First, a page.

General remarks


The "ivy-libs" project created above can be reused for resolving the dependencies for any number of Java projects in the NWDS.



Important: the mechanism described in this article is intended as an example only and should not be interpreted as a generally accepted or endorsed way of connecting to and working with a SAP back-end systems. In particular, additional security measures: securing access to the web application, securing transport of data obtained via RFC calls, even though not being addressed here, are absolutely essential to the real-world application. Another important consideration: the usage of a generic system user to connect to the back-end system and execute BAPIs, from outside an SAP managed landscape, is most likely a subject to a specific licensing restrictions. The same might be the case with the use of SAPUI5 libraries when the framework will be released.




With appearance of front-end tools like SAPUI5 (pure JavaScript), there is an alternative to the development of SAP compliant applications using standard IDEs like the popular NetBeans platform. This blog post will describe the way to set up a simple application using NetBeans which uses SAPUI5 demo kit, Jersey RESTful service and SAP JCo technology to execute RFC calls on the back-end system. The application is built and tested via Maven using an embedded Tomcat server.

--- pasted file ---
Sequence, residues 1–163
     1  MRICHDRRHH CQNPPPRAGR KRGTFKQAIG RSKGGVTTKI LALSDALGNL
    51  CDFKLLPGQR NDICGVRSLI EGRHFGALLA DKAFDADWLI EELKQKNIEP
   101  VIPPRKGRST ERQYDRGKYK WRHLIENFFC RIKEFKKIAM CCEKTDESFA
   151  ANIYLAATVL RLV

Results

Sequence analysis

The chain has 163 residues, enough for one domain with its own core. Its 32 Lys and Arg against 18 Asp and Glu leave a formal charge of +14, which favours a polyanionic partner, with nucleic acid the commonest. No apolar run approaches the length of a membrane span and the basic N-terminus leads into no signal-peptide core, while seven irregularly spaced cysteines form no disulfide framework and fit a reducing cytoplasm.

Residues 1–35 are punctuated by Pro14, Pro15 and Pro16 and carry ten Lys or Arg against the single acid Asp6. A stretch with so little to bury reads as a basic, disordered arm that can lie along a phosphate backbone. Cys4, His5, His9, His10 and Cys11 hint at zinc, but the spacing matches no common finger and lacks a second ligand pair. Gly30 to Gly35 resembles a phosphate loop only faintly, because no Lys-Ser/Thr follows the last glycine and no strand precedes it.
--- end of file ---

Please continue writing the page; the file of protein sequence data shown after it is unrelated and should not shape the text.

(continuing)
• Download and install locally a distribution of JCo connector available from SAP Marketplace which corresponds to your architecture. The code used here was tested with SAP JCo version 3.0.8 for Windows 7 (x64).
  • RFC enabled system user for connection to ABAP back-end system.
  • Familiarity with NetBeans platform and Maven build framework.
  • JavaScript libraries from SAPUI5 demo kit, the code is based on version 1.8.4.


Setting up


Create a simple Maven based web application project. In order to use SAP JCo libraries as Maven dependencies, install the sapjco JAR in your local repository. Here are the relevant contents of pom.xml file for the project.


        <!-- install sap-jco-3.0.8.jar in local repository ~.m2/repository/com/sap/sap-jco/3.0.8, for example -->